Here then is the conclusive evidence that Lincoln suppressed evidence and suborned perjury. What also of James Gridley’s reaction to these damning revelations? Walsh observes, “Though he is about to publish to the world what amounts to a serious accusation against Lincoln’s integrity as a lawyer, he introduces the passage very briefly and circumspectly, as if treating some incidental side issue” (112).

Gridley likely introduced Brady’s reminiscences in this manner precisely because he found them not “a serious accusation” but rather the fragmentary memories of a man thinking back over two-thirds of his life to an event clouded by time. Elsewhere, Walsh praises Gridley’s “reverence for hard fact” (5) but is clearly disappointed that “Gridley himself shies away from the evidence he’d turned up” (139).

The rest of Walsh’s treatment of this dramatic trial displays a similar lack of care with sources. Two examples will perhaps suffice. After dispensing, once again, with old accusations that Lincoln used an almanac from a different year or a carefully altered almanac from 1857, Walsh launches headlong into a defense of the witness whom Lincoln discredited with the genuine 1857 almanac.

Walsh insists that no judge, no jury, no prosecuting attorney, even on the rural prairies of antebellum Illinois, would have been fooled by a faked almanac or an almanac from a different year. Yet, Walsh would have his readers believe that these same astute jury members, attorneys, and judge could be blinded by Lincoln’s eloquence and cross-examining sleight of hand into acquitting a guilty murderer.

Lincoln so discredited prosecution witness Charles Allen over the location of the moon that he took the prosecution’s fact that “the moon had not set, had in fact been a whole hour from setting, thus giving ample light for Allen and the other eyewitnesses to see by—and had deftly clouded the jury’s perception of that fact, so that it appeared to support the defense” (55, 58).

Walsh attempted to restore Allen’s credibility by conducting the experiment of standing in an open field on several moonlit nights and [End Page 70] viewing various objects at various distances. Walsh rather stridently concludes from his experiments that “a three-quarters moon in an unclouded sky a full hour from setting would have given plenty of light!” (61). Walsh ignores the fact that the fight took place at Walker’s Grove, not in an open field.

Surrounding trees would have screened the moonlight and created shadows in the light of a three-quarters moon low in the sky. Although his conclusions about moonlight seek to explain away Allen’s error, that error discredited Allen’s testimony in the eyes of jurors too intelligent to be duped by the wrong almanac.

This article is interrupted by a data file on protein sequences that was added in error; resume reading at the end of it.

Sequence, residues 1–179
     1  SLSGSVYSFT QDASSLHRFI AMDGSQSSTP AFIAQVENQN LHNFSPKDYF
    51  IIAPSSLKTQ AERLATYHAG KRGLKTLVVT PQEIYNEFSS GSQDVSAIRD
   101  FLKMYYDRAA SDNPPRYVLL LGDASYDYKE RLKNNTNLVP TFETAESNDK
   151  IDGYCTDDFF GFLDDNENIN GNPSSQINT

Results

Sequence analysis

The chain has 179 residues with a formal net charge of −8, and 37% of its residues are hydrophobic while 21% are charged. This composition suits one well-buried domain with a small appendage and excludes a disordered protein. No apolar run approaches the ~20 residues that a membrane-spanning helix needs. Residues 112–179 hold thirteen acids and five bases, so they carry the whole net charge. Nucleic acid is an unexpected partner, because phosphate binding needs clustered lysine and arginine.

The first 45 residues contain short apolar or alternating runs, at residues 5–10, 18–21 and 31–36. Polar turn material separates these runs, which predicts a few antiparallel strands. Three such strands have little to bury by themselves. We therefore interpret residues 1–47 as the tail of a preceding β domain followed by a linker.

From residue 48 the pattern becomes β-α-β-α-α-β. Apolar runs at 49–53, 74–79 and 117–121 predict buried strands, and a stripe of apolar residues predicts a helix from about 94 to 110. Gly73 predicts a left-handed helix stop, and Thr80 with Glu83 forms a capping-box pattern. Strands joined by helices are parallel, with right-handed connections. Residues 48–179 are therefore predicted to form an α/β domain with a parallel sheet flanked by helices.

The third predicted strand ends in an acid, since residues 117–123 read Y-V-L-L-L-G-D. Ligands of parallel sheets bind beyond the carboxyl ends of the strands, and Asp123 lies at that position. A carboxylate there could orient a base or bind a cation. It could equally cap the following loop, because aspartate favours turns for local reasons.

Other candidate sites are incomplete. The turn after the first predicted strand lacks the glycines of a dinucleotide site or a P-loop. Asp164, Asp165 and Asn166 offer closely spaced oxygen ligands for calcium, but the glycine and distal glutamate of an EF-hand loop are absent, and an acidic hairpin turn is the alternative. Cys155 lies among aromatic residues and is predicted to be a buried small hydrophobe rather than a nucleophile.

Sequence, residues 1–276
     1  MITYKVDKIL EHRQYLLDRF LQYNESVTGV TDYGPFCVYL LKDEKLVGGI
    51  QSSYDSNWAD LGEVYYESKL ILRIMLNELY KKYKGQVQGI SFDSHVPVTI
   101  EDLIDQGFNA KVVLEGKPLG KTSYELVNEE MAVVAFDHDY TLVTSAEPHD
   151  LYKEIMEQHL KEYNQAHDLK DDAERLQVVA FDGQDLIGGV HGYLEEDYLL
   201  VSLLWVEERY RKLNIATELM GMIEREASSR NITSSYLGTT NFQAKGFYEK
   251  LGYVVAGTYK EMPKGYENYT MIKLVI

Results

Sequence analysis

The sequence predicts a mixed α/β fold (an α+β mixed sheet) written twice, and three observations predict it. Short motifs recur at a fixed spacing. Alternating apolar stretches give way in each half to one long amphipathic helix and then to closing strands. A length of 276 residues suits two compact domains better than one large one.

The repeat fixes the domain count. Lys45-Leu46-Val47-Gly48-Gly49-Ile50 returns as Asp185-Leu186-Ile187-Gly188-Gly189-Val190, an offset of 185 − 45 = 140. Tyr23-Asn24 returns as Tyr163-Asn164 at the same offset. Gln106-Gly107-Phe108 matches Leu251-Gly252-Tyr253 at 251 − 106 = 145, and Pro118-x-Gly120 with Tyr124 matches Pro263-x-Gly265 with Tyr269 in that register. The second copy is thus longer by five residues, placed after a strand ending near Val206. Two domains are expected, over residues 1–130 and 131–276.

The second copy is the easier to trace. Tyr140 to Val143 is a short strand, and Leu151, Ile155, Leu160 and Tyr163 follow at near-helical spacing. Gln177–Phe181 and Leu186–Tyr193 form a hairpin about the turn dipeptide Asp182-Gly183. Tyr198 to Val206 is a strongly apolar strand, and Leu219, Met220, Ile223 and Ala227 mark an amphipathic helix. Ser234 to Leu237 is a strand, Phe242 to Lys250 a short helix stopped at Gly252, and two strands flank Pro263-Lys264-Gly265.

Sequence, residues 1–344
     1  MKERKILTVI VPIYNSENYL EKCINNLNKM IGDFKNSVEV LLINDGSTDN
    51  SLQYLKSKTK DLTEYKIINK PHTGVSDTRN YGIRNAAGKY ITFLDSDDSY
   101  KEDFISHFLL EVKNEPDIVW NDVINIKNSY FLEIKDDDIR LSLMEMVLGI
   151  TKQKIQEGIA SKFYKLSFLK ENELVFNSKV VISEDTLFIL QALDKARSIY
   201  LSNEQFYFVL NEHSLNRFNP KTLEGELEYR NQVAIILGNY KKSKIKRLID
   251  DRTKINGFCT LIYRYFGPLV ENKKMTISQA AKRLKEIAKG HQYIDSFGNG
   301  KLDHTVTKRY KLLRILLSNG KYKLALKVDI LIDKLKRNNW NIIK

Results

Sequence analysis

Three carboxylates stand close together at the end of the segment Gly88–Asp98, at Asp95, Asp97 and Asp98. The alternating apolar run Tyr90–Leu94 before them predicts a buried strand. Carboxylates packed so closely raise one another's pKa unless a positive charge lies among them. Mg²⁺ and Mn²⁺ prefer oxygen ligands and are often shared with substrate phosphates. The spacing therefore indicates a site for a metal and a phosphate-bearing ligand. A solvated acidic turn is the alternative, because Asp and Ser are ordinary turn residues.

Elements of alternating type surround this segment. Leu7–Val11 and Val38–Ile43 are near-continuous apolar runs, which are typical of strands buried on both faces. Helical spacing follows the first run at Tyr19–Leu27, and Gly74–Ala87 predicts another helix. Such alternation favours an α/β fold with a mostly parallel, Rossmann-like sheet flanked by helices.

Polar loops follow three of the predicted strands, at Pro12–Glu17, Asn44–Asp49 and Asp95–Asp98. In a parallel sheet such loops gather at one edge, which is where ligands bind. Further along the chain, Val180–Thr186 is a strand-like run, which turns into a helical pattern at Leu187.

Furthermore, the district attorney, one of those “experienced legal minds in the court at Beardstown” whose failure to challenge the almanac “is the final proof that the almanac was genuine,” became a fool when it came to the moon (91, 97). “No alert prosecutor could possibly allow a defense attorney to get away with such a slickly distorting maneuver,” Walsh concludes (58). Nevertheless, state’s attorney Hugh Fullerton failed to re-examine Allen to reassert that he could have seen the events to which he testified by the light of a moon low in the sky.

In perhaps an even more far-fetched exercise in connecting historical dots, Walsh declares that “Lincoln from the White House silently engineered a pardon for Norris,” the man convicted of manslaughter for the assault on Metzger (75). Silently, indeed. Boldly, Walsh insists that although “surviving documents in the matter are scanty … they prove beyond doubt something never yet suspected” (75).

To support this interpretation, Walsh has to distort the nature of Lincoln’s law partnership, ignore the nature of petitions for the release of prisoners, and invent relationships that did not exist. It is true that Norris, learning of Armstrong’s acquittal, sought Lincoln’s assistance in appealing his conviction. Whether Lincoln replied is unknown, but Walsh assures his reader that Lincoln could not have taken Norris’s case because it would have revealed his deceptions in the Armstrong trial. Once again, Walsh contradicts himself.

Earlier, many observers were certain of Armstrong’s guilt, even after his acquittal (138–39). However, in his discussion of Norris, those familiar with the trials “felt that Duff’s acquittal also proved the innocence of his companion that night” (78). In October 1861, William Pelham gathered 148 signatures from Mason County residents on a petition asking for the pardon and release of James Norris. Pelham presented the petition to Governor Richard Yates. Included with the petition was a letter by William Herndon, asking the governor to see Pelham and to [End Page 71] grant the request.

Walsh naively concludes that this rather bland note removes “any least hesitation as to President Lincoln’s involvement” (78). According to Walsh, Yates “didn’t need to be told that behind Herndon’s perfunctory request lay Lincoln’s personal endorsement, that is, didn’t need to be told that Herndon was writing on behalf of Lincoln, was acting in the matter at Lincoln’s explicit direction” (79, emphasis in the original). If so, why then did Yates deny the request for a pardon?